Written and Directed by: Satyajit Ray, based on the books Pather Panchali (Song of the Road) and Aparajito (The Unvanquished) by Bibhutibhushan Bandyopadhyay
Pather Panchali is one of the best films you probably haven’t seen.
A Rite of Passage with a unique spin: We aren’t just tracking one character’s passage, but rather his immediate family’s. This is part of the story’s genius. And the result brims with subtle, yet potent, emotional power bordering the poetic.
Filmed on a shoestring budget over several years, Satyajit Ray’s debut won 11 international prizes, including the Best Human Document Award at Cannes and launched a career in which he made 36 films.
This first film is an exploration of character, world, and story with no conventional plot in sight. But its focus on the push-pull between the struggles of poverty and the joys of adolescence allow Ray to play with time and emotion in ways most Hollywood films can’t or won’t. And it conveys, through a rambling narrative, the nature of growing up in a village—vignettes forming a tapestry full of life. The cinematic experience purifying for the soul.
I saw it recently, and I couldn’t help thinking of Blake, and all the conversations we had about the beats being found everywhere, even in foreign classics. I also couldn’t stop thinking about my father, who encouraged me to watch the film 20 years ago; I think he wanted me to glimpse a life similar to the one he experienced in Colombia as a child.
Well, better late than never.
SPOILERS AHEAD (not that knowing will dull any of this film’s impact).
Opening Image: A wealthy Indian woman waters a plant, but her routine is interrupted when she sees a young girl stealing fruit from her orchard. The girl escapes down a dirt road. This is DURGA, Apu’s sister.
Set-Up: We glimpse life in a rural Bengali village through the eyes of one family, circa 1910. The three key characters we first meet are the women who will shape young Apu’s life: Durga, who stashes the stolen fruit and tends to kittens and the family’s rundown courtyard; ancient AUNTIE, full of wisdom and mischief, who eats the fruit; SARBAJAYA, who chides Durga for stealing, and blames Auntie for encouraging her. Of all the family, Sarbajaya bears the heaviest brunt of their poverty and second class role of their family in the poor village.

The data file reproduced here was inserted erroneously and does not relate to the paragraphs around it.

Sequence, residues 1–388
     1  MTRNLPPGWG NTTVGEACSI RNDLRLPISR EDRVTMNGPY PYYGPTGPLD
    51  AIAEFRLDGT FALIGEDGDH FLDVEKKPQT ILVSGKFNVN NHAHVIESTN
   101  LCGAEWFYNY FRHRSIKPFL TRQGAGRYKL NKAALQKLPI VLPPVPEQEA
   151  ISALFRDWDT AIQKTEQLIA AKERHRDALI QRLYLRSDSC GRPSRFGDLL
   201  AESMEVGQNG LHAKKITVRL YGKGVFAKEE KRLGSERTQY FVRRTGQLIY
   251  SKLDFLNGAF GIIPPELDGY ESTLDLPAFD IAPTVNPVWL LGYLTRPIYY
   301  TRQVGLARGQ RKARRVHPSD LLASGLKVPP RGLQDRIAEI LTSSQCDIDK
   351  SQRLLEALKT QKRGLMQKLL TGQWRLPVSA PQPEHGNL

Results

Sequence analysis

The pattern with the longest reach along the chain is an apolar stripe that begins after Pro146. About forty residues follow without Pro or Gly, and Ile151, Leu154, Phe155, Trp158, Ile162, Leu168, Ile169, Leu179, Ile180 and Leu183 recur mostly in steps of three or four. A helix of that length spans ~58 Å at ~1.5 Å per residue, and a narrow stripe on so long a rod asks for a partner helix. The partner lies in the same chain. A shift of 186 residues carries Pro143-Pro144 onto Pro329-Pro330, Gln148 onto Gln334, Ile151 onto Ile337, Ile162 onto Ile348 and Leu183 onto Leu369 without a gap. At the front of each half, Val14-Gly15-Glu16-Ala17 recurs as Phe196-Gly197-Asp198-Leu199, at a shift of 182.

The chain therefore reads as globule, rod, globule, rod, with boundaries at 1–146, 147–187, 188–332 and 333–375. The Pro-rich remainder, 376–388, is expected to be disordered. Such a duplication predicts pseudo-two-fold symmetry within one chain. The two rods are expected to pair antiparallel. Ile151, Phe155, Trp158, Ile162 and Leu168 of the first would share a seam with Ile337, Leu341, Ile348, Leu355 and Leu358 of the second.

So many things need fixing, it’s hard to keep count.
Theme Stated: “Children learn what they are taught,” a wealthy neighbor says, criticizing Sarbajaya’s parenting. What will her children learn?
Catalyst: APU (the saga’s protagonist) is born. The impoverished family just added another member.
Debate: What kind of life will Apu have? Can the poor family survive? These questions are debated by Apu’s mother and HARIHAR, Apu’s father, as baby Apu lies in his crib. Harihar collects rent for a landowner, who took their orchard in a debt—the reason the family is in dire financial straits. But Harihar thinks his work as town priest will see the family through until he finishes his new play (oh, writers… we’re all the same). His wife remains unsure. Who cares about scholars in a village where moneylenders and orchard owners have all the power? But a family can dream… can’t they?
Break into Two: A few years later, Apu begins school. Class is taught by a local grocer, who interrupts lessons for business and local gossip. When one of Apu’s classmates is beaten for taking poor dictation, Apu begins to learn life can be unfair.
B Story: It’s Durga’s story, with whom we began this unusual, yet universal, tale. As Act Two unfolds, Durga is challenged by her mother to stop playing games and help with chores. We learn Durga often has fevers the family can’t afford to treat with anything other than basil tea.